Sunday, May 3, 2015

Spring Flowers

Tulips and Daffs, gouache, 2.5" x 3.5" on  Bristol Vellum
Alstroemeria, 2.5" x 3.5" on Canvas Paper

Tulips and Daffs: You can see the dry-brush strokes a result of dragging my angled shaper over a rag to remove most of the paint. I used creamy gouache, like thin mayonnaise, swathing the paper in a nice layer of paint, and then dabbed off the excess, so that I could go back in with the negative shape strokes to define the flowers, leaves and stems. The Bristol Vellum develops this texture as a result of way the paint is applied.

Favorite part: Those two white dabs near the upper tulip that catch your eye. I like the contrast and interesting shapes. The quickness of the strokes is evident. That pleases me, too.

Alstroemeria: Canvas Paper mimics the look of woven canvas, which I used to advantage in this painting. The texture shows where the lighter paint covers the darker strokes. I placed dry-brush effects on the leaves to enhance them and draw the eye there.

Favorite part: The color of the foliage. This green is very blue, a color that takes a little doing to get right. Too much blue and it reads as plastic looking! This time I think I got it right.

Complementary Bouquet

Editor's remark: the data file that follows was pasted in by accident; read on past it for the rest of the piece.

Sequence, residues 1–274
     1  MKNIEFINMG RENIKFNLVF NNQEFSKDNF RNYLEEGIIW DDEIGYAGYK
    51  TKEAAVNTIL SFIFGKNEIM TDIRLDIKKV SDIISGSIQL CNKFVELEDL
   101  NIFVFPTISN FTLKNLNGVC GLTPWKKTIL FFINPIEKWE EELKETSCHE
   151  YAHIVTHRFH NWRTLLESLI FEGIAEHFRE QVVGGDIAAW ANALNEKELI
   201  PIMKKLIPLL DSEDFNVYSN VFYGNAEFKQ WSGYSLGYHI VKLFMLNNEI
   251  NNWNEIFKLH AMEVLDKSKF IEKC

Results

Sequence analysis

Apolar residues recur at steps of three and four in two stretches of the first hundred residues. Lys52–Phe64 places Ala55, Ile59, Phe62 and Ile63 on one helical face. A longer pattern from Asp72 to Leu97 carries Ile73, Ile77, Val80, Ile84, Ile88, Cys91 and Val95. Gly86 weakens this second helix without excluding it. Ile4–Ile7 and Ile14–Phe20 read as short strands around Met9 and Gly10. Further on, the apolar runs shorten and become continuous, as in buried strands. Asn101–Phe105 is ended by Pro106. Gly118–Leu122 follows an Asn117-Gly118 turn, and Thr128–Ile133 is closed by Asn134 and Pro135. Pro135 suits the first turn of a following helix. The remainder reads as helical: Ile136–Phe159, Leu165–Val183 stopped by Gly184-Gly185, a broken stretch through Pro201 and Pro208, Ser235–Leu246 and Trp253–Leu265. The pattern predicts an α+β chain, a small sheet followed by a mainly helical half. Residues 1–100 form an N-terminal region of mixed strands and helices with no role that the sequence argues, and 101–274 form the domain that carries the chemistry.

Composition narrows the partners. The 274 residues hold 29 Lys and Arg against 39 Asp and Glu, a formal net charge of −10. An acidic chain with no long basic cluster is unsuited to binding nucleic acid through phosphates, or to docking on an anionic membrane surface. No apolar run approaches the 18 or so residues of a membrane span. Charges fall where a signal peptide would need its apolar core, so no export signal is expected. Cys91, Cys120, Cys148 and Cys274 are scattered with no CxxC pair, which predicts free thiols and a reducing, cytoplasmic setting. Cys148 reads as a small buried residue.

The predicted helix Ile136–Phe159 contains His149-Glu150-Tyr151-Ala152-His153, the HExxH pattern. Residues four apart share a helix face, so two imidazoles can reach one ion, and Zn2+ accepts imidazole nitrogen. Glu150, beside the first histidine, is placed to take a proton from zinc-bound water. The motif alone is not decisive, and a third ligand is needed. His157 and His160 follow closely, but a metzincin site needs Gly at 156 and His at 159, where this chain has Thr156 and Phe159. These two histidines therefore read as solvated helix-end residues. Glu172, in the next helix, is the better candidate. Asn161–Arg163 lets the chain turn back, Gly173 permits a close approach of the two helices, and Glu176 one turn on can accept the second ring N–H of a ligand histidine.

Complementary Bouquet, 3" x 3" on mystery paper
Do you ever forget about a painting? I painted this a month ago and recently rediscovered it under the pile of papers used to flatten it. I don't know why I didn't post it. I have it set it up on the table next to my computer. It pleases me.

The paper is a mystery. It's some I stashed away a while ago, so the brand is lost in time. I can't say I really like it very well. It's lightweight and has a texture that's too large-scale for the work I do. If I use a textured paper I like it to be fine textured enough to make the painting appear to be much larger, not dwafing the strokes too much.

But I like the color stucture and contrast here. I scratched out the stems with the handle of a paintbrush, which worked pretty well. Sometimes the direct approach is best.

Favorite part: The two long, arched white flowers leaning out of the composition on the right-hand side. They balance rest of the bouquet. Square compositions have some challenges, especially when the subject fills the page this way. Balance is the key to success, I think.

Gouache Goes On!

Viviane's Roses, gouache on Arches 300 c/p, 2.5" x 3.5" 

I'm starting to get back to more gouache, so I think I may revive this blog. I'll post some of the gouache I've done in the last year here, and leave Depticting Things for drawings and other media. 

The entire time I painted Viviane's Roses, I kept reminding myself to just have some fun. A Facebook friend said it looks Victorian. (Thanks, Toni! Hope you enjoy it!) I agree, but I can't quite put my finger on the reason why. The photo I used, on loan from a friend, was a lot less structured. I added the suggestion of a vase.

Favorite part: The star of the show rose at the bottom pleases me. I painted the flowers in three stages: medium, dark and light. I particularly like the juicy pink petal at the bottom, as it catches the light and comes forward nicely. Sometimes thicker paint is useful that way.